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Issue 22, 2015
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Materials for microfabricated implantable devices: a review

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The application of microfabrication to the development of biomedical implants has produced a new generation of miniaturized technology for assisting treatment and research. Microfabricated implantable devices (μID) are an increasingly important tool, and the development of new μIDs is a rapidly growing field that requires new microtechnologies able to safely and accurately function in vivo. Here, we present a review of μID research that examines the critical role of material choice in design and fabrication. Materials commonly used for μID production are identified and presented along with their relevant physical properties and a survey of the state-of-the-art in μID development. The consequence of material choice as it pertains to microfabrication and biocompatibility is discussed in detail with a particular focus on the divide between hard, rigid materials and soft, pliable polymers.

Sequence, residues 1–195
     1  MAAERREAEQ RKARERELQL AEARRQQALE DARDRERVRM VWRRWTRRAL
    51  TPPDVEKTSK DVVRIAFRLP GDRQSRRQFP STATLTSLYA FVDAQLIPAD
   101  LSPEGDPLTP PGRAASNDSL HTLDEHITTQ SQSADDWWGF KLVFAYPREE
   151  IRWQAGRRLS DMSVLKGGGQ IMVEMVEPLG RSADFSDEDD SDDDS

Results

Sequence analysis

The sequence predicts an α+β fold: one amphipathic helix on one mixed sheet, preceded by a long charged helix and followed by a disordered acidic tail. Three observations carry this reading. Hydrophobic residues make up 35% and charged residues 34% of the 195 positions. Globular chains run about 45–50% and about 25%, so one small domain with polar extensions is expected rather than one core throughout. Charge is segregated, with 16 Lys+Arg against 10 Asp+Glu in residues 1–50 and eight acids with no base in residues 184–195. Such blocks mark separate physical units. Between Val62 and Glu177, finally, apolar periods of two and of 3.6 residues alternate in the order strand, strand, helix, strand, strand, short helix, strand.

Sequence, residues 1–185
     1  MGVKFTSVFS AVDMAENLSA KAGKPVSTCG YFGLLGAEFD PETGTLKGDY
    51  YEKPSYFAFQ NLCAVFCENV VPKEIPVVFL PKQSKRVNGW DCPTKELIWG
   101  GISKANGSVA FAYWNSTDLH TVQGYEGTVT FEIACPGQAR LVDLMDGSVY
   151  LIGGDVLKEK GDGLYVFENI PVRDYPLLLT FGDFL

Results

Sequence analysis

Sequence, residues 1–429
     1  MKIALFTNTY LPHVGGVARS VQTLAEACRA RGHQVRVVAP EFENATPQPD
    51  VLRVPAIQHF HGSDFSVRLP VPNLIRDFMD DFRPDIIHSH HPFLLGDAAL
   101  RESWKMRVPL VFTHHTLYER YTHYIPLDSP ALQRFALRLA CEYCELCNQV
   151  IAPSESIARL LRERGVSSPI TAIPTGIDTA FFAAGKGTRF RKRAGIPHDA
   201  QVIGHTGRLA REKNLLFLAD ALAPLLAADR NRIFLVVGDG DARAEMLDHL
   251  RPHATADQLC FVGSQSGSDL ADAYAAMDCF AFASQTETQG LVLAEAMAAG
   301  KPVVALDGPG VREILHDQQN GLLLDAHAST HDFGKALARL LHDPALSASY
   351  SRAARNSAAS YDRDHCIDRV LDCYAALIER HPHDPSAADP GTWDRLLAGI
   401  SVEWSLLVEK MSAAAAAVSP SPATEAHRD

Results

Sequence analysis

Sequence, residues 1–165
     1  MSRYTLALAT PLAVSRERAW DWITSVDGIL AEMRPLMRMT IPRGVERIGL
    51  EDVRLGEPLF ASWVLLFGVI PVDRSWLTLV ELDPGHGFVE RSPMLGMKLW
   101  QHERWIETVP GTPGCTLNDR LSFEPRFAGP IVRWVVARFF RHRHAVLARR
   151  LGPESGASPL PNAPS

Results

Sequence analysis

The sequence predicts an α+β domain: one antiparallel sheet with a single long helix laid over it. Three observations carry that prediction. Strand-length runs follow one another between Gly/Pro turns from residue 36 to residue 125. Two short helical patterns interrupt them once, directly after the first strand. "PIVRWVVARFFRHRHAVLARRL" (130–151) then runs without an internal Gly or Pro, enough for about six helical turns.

Graphical abstract: Materials for microfabricated implantable devices: a review

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Publication details

The article was received on 10 Jul 2015, accepted on 15 Sep 2015 and first published on 15 Sep 2015

Article type: Critical Review
DOI: 10.1039/C5LC00809C
Lab Chip, 2015,15, 4256-4272

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    Materials for microfabricated implantable devices: a review

    K. Scholten and E. Meng, Lab Chip, 2015, 15, 4256
    DOI: 10.1039/C5LC00809C

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